Week 1: George Anders

Digital Humanities seems to be about bringing the human element into the workroom. In the article by George Anders, he mentions, “Being able to read the room is such a crucial skill, adds Phunware sales executive Mike Snavely, that he's willing to hire people who don't know much about technology if they have a gift for relating to other people.” The workforce needs math and engineering degrees, but human relations are necessary just as much. There appears to be contempt for liberal arts majors, that the mainstream finds the education nice but useless in the job market. Yet there are important skills we learn, while utilizing creativity and ingenuity can be a major asset that more linear ways of thinking from math and engineering degrees don’t have. In a world where technology is king, humans still must work together, and it is even harder when social skills and flexibility are not being taught or are in the field of dying social graces. Liberal arts majors can be the bridges in the gaps where other degrees are lacking. This is where we can find a niche and be welcomed in a job market that can be quite ruthless to those who don’t fit the square peg mold of traditional stem fields.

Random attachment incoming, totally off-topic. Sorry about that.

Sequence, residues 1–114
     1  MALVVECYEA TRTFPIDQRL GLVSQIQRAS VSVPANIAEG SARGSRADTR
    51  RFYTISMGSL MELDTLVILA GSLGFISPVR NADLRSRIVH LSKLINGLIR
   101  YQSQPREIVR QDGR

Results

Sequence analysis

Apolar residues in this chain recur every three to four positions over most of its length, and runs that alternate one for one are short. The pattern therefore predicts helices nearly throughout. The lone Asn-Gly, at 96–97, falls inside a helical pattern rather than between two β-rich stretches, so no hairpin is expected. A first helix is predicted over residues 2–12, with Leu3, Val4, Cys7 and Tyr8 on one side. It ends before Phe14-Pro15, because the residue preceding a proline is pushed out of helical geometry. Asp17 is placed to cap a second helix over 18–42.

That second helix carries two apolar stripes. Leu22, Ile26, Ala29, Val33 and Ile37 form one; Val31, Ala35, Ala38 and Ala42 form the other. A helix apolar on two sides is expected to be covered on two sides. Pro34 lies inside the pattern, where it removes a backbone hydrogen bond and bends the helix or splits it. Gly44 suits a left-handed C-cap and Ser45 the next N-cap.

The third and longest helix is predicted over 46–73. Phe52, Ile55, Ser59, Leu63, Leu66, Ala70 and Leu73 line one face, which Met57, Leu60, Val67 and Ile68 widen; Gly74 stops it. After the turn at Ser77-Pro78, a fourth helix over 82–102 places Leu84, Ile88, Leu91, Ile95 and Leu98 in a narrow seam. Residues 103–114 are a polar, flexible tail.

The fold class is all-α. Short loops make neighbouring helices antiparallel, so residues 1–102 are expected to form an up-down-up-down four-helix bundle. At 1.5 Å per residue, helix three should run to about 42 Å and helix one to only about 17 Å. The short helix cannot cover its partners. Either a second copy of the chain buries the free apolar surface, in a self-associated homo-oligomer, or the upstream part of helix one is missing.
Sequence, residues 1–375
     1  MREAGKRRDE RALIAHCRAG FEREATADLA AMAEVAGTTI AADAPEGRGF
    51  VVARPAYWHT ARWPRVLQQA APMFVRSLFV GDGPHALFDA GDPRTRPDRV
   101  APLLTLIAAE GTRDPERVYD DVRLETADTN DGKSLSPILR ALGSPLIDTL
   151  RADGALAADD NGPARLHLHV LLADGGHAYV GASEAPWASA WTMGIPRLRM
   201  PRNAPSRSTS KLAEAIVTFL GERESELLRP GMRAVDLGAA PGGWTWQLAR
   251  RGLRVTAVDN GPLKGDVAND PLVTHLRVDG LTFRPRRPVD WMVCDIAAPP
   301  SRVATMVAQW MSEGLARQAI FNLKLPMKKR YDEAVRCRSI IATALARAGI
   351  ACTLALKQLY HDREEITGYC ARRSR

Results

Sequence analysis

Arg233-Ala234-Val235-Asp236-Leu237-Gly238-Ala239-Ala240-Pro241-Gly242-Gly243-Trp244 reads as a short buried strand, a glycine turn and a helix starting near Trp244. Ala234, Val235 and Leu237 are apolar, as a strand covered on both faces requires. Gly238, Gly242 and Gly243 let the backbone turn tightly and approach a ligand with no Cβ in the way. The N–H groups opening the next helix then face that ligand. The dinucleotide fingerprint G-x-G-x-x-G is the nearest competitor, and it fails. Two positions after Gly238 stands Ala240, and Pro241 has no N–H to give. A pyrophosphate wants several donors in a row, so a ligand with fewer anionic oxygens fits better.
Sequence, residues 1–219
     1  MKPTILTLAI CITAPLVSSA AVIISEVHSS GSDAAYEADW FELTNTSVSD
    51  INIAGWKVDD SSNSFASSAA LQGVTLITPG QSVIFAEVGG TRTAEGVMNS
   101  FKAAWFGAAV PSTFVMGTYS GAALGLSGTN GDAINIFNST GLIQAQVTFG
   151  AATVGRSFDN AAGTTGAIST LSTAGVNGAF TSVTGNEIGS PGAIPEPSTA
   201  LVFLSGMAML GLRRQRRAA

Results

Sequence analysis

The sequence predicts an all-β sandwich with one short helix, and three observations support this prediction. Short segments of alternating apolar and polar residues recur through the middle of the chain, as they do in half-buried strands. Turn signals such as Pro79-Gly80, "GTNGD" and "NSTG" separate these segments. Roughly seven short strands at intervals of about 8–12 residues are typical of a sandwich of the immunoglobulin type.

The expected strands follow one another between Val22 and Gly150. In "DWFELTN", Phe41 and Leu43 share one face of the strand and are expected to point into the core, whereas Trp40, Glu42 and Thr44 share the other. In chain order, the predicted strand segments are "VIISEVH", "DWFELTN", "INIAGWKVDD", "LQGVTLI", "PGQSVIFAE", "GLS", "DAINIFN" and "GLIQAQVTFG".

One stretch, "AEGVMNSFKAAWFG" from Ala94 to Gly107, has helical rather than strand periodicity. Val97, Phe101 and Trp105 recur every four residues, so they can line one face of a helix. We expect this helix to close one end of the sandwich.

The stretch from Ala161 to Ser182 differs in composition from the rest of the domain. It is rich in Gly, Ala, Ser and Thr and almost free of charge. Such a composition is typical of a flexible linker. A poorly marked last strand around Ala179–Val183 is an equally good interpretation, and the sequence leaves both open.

I too have a reflexive urge to justify the viability of a humanities degree on the job market. From my perspective, strictly in terms of job application attractiveness, having the word "digital" on a CV or resume gives the illusion of well-roundedness and technological savvy. That's nice for superficial recruiting mechanisms. But beyond that, what specific skills and mindsets does DH as a discipline add to the individual, supplementary to the general "human element" inherent in the humanities? In terms of job market allure, is DH more valuable for its integration of hard(er) skills like programming or database mining, or for the assimilative mindset that it promotes via activities like collaborative research or distance reading?

I think the readings this week have comfimred exactly your point: the "digital" fields that are gatekept behind a STEM degree are really just applying a digital, or symbolic, language, which we have no doubt been trained all our lives to do. The idea that our digital world will replace human to human interfacing is silly. If anything, digital methods of consuming information will amplify our conversation, as our words, our symbols, become more accessible.